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Tuesday, February 22, 2011

Why J-Schools need risk and trauma training.

"Why didn't you tell me this before?"
(The following article was published in J-Source)

Megan Radford (pictured below) is a graduate journalism student at the University of Western Ontario -- she's already undertaken an internship in Malaysia and covered the G20 protests in Toronto. Last weekend, in her final term, she attended a workshop on Journalists & Risk which explored physical and emotional safety considerations in her chosen profession. Now she asks: Are journalism schools paying too little attention to these issues -- too late?

As journalists it is sometimes our job to put ourselves in harm’s way, to get the grizzly details and weed out what the public should know...and what they perhaps should not. What some may not realize is that the toll of this kind of life begins early. For some it begins even before we have officially entered the field.

I am a journalism student who has been taught by those who I consider to be some of the best in the business. But until recently, I had been given no training in how to deal with the myriad of difficult events that I have encountered in the past few months. Had I asked or reached out, my instructors would have been quick to respond. But I didn’t know what to ask for. Now I do, and so, from a student’s perspective, this is what you need to know:

It happened so quickly. I arrived at 10 a.m. to the third floor video department of my internship placement in Malaysia, just like I had on every other day that month. But on this morning, my supervisor wanted me to accompany him, a reporter and another intern to an exclusive interview.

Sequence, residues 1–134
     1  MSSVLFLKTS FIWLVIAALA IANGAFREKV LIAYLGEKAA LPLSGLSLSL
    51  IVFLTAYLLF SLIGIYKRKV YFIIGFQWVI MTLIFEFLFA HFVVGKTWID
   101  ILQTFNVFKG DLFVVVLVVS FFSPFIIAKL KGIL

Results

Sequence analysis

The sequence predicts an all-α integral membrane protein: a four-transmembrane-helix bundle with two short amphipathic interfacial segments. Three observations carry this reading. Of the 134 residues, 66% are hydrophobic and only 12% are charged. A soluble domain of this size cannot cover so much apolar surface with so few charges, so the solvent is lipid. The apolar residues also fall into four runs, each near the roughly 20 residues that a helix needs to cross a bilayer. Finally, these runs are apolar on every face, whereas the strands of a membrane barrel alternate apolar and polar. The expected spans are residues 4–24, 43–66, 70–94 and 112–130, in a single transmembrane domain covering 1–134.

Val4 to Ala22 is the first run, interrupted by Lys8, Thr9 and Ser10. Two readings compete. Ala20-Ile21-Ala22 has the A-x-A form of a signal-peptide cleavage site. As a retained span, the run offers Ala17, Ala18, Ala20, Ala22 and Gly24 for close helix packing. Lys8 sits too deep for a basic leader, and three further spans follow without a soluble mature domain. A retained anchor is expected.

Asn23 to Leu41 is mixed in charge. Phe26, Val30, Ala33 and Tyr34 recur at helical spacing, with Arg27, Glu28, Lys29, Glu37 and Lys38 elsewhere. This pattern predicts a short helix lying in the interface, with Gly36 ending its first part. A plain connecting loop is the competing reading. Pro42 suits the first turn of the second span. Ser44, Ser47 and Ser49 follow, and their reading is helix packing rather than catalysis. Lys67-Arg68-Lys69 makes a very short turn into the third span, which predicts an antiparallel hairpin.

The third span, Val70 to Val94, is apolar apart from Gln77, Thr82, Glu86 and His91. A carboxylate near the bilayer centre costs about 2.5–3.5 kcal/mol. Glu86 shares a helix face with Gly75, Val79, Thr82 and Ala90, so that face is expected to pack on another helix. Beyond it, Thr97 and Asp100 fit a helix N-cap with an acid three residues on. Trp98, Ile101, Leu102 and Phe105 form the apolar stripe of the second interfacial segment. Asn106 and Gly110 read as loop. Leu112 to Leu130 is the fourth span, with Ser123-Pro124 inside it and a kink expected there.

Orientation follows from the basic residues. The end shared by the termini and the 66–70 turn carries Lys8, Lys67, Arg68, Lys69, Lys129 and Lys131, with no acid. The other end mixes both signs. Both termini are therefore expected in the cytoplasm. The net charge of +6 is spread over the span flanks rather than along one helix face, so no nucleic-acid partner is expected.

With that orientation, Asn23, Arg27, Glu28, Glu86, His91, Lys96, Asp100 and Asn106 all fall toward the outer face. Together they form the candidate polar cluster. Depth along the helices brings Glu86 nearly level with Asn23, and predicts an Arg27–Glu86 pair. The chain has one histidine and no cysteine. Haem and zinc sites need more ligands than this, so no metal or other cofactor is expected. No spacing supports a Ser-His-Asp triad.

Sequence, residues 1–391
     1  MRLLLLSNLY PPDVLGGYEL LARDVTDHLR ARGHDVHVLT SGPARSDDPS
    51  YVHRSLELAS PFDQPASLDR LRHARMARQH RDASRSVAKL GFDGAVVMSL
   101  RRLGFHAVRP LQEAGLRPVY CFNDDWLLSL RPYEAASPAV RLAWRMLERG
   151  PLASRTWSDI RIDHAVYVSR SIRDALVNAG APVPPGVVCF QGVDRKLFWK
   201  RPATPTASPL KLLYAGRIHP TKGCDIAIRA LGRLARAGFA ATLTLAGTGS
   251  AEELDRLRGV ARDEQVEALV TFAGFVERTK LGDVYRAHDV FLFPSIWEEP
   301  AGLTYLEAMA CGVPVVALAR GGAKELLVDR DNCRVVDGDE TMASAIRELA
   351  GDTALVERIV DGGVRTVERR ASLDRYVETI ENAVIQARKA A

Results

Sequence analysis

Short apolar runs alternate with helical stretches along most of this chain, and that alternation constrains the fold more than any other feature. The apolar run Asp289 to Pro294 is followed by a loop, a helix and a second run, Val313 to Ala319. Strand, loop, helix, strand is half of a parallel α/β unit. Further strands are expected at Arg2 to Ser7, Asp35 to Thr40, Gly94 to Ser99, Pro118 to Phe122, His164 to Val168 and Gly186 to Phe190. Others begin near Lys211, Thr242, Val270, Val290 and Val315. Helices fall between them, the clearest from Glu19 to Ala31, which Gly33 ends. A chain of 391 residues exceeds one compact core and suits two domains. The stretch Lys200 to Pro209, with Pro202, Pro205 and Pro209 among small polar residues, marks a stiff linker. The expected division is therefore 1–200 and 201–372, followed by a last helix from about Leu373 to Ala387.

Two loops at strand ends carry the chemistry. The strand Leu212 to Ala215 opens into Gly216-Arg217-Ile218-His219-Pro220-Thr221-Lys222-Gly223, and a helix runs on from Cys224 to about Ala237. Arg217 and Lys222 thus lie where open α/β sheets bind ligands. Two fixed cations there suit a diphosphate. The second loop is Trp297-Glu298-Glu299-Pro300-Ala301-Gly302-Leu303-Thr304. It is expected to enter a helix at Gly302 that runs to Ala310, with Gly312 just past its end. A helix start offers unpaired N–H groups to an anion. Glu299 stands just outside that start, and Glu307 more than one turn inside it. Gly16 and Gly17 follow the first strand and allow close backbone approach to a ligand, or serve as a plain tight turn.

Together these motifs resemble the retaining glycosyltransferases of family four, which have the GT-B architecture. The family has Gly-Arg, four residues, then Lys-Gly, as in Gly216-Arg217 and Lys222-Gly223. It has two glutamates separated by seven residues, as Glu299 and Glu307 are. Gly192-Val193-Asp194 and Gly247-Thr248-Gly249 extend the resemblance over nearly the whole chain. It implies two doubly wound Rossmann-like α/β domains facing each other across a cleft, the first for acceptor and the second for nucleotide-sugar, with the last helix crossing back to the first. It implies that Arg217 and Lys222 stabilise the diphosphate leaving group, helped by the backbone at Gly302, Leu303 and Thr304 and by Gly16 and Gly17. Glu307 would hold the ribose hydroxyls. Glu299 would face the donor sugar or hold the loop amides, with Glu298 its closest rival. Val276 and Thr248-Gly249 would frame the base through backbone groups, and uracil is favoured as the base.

That same month M. Krishnan, a man of Indian descent, had died in the custody of the Malaysian police. There was evidence to suggest that he had been beaten and refused medical care. The family was demanding an independent post-mortem to investigate the causes of death. Up to this point they had refused to speak with the media. But because of the family’s belief that our news organization was one of the few not controlled by the government, they agreed to speak with us.

Our crew of four arrived at a block of crammed apartment buildings. We rode the most decrepit elevator I have ever been in to the third floor and came to an open door leading to a small apartment. I was not prepared for the number of extended family members inside the small one bedroom home. Krishnan’s teenage daughters smiled at me shyly from the kitchen doorway, their slender arms protectively around their younger brother. On the floor in the corner of the tiny living room were two older women. Their grave eyes watched us set up the cameras. We were brought orange soda to drink in glasses. Then the family retreated out of the shot and Krishnan’s wife and mother arranged themselves on the couch in front of the cameras.

Not speaking Tamil, it was my job to man one of the cameras while my colleague conducted the interview. I zoomed in and out, thinking of the shots I was told to get till I noticed that the mother, who was speaking at the time, had begun to cry. She did not wail or scream, so there was nothing to warn me when it happened. But I suddenly became very aware of the fact that sitting in front of me was a mother just like mine, a mother who had lost a son and very likely would never find justice for his death. After that, and throughout the interview with Krishnan’s stoically calm wife, I found it very difficult to keep my composure. Was I even allowed to cry? I honestly didn’t know.